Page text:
Hemisphere Inc., the committee spearheading Atlanta‘s bid for the Free Trade Area of the Americas secretariat, remains optimistic that an FTAA will become a reality by 2005, despite watered-down negotiations at the recent FTAA ministerial in Miami that avoided such tough issues as agricultural subsidies, said Jose Ignacio Gonzales, the organization’s executive director.

“Trade ministers from the FTAA countries are still committed to reaching an FTAA agreement by Jan. 1, 2005, and we are pushing ahead with our efforts to promote Atlanta for the FTAA headquarters,” he told GlobalFax in an interview last week.

He indicated that he plans to travel to the Caribbean and Colombia to meet with government officials before the end of the year.

During the Atlanta delegation’s time in Miami, he added, the group received positive feedback from government and business leaders from the 34 FTAA countries to which they promoted Atlanta’s strengths as a transportation, logistics and corporate hub.

The group also highlighted Atlanta as a center for health and civil rights with the location here of CARE, which works on health issues worldwide, and the King Center, which offers education on civil rights.        

Reflecting on the negotiations at the recent ministerial, Mr. Gonzales praised new concessions in the FTAA agreement that allow smaller countries to adopt the basic framework of the FTAA without having to adhere to specific trade regulations that could hurt a developing economy.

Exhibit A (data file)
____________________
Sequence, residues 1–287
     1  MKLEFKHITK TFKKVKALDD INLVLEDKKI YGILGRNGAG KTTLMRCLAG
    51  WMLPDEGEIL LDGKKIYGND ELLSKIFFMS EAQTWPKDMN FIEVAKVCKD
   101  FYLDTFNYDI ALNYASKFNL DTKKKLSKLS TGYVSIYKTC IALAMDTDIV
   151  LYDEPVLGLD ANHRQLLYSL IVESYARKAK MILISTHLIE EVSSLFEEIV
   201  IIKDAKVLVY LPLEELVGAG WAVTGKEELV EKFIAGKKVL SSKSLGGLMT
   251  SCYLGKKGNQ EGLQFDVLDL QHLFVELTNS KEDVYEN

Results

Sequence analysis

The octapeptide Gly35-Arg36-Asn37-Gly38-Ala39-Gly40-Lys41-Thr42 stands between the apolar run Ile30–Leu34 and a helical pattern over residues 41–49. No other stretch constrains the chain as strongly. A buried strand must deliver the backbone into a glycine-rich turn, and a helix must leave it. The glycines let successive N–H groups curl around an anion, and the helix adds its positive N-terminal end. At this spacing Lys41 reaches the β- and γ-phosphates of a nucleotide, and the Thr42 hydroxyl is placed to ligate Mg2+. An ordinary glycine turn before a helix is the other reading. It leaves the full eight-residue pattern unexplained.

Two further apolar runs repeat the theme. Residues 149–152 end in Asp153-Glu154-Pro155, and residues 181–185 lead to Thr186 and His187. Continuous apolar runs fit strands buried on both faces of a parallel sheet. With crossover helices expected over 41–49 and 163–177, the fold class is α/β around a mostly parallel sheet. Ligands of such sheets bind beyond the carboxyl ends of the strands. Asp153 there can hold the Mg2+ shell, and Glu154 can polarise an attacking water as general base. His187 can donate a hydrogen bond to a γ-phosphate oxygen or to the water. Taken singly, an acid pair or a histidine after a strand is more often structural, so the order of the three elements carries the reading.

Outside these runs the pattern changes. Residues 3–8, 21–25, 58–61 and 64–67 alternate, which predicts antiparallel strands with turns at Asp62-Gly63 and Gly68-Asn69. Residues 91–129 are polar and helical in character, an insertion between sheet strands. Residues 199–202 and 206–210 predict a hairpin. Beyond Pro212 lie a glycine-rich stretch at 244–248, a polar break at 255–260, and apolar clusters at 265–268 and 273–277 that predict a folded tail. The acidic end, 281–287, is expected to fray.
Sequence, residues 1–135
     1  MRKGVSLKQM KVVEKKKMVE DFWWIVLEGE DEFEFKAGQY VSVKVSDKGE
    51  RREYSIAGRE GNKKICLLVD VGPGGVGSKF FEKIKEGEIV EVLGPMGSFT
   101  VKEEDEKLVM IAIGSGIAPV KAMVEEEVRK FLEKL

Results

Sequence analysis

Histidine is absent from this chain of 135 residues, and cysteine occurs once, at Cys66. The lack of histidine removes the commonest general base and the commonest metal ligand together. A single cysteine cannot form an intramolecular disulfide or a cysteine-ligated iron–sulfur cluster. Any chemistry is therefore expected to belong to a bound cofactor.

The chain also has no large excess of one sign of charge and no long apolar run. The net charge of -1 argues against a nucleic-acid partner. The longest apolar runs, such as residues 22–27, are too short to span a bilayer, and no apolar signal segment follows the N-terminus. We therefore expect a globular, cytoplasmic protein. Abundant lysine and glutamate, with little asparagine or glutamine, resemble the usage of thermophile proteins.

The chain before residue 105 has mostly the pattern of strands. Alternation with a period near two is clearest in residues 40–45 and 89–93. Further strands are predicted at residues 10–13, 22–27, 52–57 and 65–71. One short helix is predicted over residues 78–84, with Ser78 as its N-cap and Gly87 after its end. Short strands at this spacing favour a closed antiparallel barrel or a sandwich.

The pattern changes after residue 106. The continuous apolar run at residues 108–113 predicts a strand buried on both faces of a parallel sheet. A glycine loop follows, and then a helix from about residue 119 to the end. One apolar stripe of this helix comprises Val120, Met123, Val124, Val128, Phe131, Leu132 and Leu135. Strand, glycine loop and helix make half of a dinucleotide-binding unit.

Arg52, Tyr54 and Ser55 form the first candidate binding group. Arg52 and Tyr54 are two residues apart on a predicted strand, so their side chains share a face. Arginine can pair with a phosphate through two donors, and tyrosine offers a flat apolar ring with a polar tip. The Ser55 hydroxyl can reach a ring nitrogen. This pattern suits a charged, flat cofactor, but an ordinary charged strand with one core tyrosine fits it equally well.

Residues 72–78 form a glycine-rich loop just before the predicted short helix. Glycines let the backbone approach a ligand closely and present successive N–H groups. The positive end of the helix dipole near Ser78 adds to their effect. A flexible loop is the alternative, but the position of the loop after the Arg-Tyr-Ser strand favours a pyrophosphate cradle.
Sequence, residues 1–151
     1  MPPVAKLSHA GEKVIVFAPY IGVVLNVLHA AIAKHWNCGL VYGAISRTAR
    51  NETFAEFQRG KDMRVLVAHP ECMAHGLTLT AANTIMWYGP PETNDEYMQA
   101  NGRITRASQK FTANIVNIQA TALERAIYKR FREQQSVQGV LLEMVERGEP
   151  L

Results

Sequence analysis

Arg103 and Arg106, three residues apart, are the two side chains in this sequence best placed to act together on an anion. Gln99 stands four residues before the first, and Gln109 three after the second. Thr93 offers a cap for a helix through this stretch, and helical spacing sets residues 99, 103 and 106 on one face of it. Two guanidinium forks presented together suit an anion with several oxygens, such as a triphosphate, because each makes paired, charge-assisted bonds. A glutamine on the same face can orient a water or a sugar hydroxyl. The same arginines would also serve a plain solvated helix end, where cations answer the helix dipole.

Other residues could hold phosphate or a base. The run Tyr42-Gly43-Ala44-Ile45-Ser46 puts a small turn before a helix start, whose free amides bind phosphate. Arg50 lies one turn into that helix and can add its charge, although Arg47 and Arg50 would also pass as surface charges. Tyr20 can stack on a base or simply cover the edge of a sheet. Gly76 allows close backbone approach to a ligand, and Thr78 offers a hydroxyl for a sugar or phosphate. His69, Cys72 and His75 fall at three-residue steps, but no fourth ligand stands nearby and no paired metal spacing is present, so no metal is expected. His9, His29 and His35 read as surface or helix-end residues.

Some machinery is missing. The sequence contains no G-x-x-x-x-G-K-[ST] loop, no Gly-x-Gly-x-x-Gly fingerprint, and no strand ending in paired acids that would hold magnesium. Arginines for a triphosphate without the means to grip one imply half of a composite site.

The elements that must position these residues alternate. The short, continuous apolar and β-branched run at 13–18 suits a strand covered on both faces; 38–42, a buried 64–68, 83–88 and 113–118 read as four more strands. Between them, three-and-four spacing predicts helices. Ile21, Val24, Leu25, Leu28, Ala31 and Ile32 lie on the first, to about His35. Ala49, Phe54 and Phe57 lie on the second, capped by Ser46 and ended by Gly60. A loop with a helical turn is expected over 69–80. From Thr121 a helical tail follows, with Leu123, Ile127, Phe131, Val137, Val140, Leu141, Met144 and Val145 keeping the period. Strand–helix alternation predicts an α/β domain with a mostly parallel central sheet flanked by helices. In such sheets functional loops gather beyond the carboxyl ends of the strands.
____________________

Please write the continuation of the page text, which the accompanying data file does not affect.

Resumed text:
David Bruce, a professor of Latin American studies at Georgia State University and a member of the Atlanta ministerial delegation, also praised the recent negotiations in view of the historical progress made on an FTAA over the last decade.

“It is now legitimate to talk openly about a possible agreement, which would have been unthinkable in 1994 when negotiations first began,” he said.

Dr. Bruce further lauded ministerial organizers for their handling of FTAA opposition groups, who were encouraged to submit their writings or comments on specific topics related to the negotiations on the official FTAA Web site, which was translated into English, French, Portuguese and Spanish.

“This kind of discussion and process did not exist during negotiations for the North American Free Trade Agreement,” he said.

For more information, contact Mr. Gonzales by email at jgonzales@atlantagateway.org or Dr. Bruce by email at dbruce@gsu.edu